Fixed-Rate Mortgage Penalties: Larger Than Ever!

math for IRD calculations

Many people are unaware the Big-6 banks, and all the banks you can walk into, calculate the payout penalties at much higher amounts than mortgage broker lenders.

The cost of how penalties are calculated is even more concerning when fixed-mortgage rates stay flat or rise slightly over an extended period – exactly what is happening right now.

Summary:

  • You could be looking at an extra $7,000 in penalty cost on a $250,000 mortgage, or an extra $11,200 on a $400,000 mortgage, that is broken two years early with any Big-6 lender.
  • Mortgage broker lenders still calculate the payout “the old way” – to your advantage!

Short Version:

Fixed-rate mortgage penalties are almost always calculated based on “the greater of three months interest or interest-rate differential (IRD)”. But there are key differences in the actual rates lenders use to calculate your IRD.

  • These differences are magnified in a flat or slightly rising interest-rate environment.
  • This is a big deal as the IRD calculations used by the banks below can trigger a penalty that is more than 5 times what you would be charged at a wide range of other lenders.

Long Version – hold on this is MATH!

Let’s say your current mortgage balance is $250,000 on a five-year fixed rate mortgage at 2.59%. We’ll also assume that you are three years into your term (with two years remaining) and that interest rates are the same when you break your mortgage as they were when you first got your loan.

First, we calculate the cost of three month’s interest, which we can quickly determine is $1,619.

Here is the formula we use to arrive at that number:

2.59% x $250,000 x 3/12 = $1,619

We then compare this cost to the cost of your IRD penalty, which will almost always be calculated using one of three methods: Standard, Discounted or Posted.

 

  1. The Standard IRD Penalty (used by Mortgage Broker Banks)

When using a standard IRD penalty calculation, your lender starts by taking the difference between your contract rate (2.59%) and their current rate that most closely matches your remaining term. Since you have two years left on your mortgage,  that would be the lender’s two-year fixed rate (we’ll use 2.29%, which is widely available today). The difference between these two rates is 0.30%.

The lender multiplies this difference (0.30%) by your mortgage balance ($250,000) and the time remaining on your mortgage (expressed as the number of months remaining on your mortgage divided by twelve).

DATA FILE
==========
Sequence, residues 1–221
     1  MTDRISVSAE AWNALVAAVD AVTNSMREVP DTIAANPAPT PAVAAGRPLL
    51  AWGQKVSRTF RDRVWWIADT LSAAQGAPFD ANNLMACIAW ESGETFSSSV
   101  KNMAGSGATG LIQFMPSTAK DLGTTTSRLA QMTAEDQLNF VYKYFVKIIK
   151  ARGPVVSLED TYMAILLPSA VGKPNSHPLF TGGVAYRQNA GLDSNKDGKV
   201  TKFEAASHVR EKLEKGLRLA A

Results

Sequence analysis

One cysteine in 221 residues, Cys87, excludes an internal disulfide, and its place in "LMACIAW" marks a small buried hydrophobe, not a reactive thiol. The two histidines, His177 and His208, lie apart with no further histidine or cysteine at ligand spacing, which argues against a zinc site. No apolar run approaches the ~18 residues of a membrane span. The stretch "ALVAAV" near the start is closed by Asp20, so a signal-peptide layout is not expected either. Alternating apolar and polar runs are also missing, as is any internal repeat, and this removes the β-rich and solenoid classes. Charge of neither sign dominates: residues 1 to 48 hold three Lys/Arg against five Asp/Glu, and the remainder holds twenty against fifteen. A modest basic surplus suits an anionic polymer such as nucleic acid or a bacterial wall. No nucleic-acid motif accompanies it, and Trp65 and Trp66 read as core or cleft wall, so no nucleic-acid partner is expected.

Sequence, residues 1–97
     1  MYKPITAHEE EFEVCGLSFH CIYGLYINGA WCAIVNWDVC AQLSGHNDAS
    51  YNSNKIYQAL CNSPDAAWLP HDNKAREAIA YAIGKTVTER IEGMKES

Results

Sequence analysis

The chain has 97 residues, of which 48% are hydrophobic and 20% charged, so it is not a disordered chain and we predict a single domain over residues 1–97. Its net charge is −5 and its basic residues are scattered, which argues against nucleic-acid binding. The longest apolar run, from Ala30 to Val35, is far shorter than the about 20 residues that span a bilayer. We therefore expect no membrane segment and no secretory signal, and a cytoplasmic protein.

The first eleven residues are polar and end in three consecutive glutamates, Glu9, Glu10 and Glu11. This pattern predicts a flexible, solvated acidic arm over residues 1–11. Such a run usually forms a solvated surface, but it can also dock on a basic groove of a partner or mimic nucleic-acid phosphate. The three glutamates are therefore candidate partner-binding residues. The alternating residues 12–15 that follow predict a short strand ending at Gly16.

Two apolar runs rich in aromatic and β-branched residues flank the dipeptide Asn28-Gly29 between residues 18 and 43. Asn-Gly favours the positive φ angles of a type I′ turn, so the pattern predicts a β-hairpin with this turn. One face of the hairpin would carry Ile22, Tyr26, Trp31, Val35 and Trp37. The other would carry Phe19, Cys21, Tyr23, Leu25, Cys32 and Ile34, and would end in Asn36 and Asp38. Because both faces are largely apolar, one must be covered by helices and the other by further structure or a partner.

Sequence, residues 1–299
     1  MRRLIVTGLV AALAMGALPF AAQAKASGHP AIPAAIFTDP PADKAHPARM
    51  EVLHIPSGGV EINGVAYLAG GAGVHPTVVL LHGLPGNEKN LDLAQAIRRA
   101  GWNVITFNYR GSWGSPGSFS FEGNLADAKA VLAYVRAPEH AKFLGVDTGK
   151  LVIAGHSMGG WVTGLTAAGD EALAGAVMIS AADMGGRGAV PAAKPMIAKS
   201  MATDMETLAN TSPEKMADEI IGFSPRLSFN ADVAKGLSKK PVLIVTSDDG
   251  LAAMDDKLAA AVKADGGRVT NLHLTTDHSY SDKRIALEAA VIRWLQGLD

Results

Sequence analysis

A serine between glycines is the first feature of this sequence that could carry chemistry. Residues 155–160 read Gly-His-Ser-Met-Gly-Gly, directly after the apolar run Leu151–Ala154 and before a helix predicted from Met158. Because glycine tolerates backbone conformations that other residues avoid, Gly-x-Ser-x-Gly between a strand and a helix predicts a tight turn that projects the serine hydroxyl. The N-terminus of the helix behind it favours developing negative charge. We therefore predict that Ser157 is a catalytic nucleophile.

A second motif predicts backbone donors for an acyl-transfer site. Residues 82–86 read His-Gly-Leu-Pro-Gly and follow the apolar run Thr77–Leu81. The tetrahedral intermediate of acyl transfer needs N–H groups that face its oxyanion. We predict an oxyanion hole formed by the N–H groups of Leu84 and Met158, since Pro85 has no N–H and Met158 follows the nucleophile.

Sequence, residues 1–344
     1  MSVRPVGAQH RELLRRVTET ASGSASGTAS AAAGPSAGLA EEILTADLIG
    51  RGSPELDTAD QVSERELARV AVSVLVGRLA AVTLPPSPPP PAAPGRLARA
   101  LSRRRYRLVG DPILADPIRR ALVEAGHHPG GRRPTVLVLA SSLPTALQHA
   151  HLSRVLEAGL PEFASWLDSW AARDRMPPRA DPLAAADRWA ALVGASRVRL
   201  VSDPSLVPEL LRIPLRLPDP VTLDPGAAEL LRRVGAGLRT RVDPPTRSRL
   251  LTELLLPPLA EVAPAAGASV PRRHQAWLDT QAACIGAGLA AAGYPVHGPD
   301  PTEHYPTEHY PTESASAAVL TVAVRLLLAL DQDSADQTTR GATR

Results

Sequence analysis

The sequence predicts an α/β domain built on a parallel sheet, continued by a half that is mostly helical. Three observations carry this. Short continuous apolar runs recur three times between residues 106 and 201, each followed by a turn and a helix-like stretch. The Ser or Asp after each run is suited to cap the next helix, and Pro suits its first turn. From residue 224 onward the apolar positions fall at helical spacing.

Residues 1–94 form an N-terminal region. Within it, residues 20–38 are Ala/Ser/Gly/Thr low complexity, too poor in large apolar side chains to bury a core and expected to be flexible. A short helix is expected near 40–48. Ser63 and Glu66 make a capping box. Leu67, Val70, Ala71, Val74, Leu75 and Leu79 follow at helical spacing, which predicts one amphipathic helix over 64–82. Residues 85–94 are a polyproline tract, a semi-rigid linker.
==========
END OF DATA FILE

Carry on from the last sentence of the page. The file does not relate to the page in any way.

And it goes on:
Here is the complete formula:     (3.29% – 2.99%) x $250,000 x (24/12) = $1,500

And here is a table which explains where each number in the formula came from:

Standard IRD Calculation

2.59% = Your contract rate

2.29% = current rate the most closely matches your remaining term

$250,000 = remaining mortgage balance

24 = months remaining

$1,500 = IRD Penalty charged

That’s it; the standard IRD calculation. It is used by a wide range of lenders who compete with each other to offer borrowers the best mortgage rates available.

In this case the cost of three months’ interest ($1,619) is greater than the lender’s Standard IRD calculation ($1,500), so you would have to pay $1,619 to break your mortgage.

AND here is where the differences are: well-known lenders have tweaked their IRD calculations to skew the interest rates used in their formulas heavily in their favour, and as you will now see, that can have a huge impact on the size of your penalty.

 

  1. The Discounted Rate IRD Penalty (Used by RBC, BMO, TD, Scotia and National Bank)

When using the Discounted Rate Penalty, the lender takes your contract rate and compares it to the posted rate that most closely matches your remaining term MINUS the original discount you got off of their five-year posted rate (which in this case is 2.05%). Here is the contract wording taken straight from TD’s website. Key section is underlined:

{Your contract rate will be reduced by] the current interest rate that we can now charge for a mortgage term offered by us with the term closest to your remaining term. The interest rate will be our posted interest rate for the term minus the most recent discount you received.}

In other words, this lender will take the discount they gave you off of their five-year posted rate and apply that same discount to the posted two-year rate they use in your penalty calculation.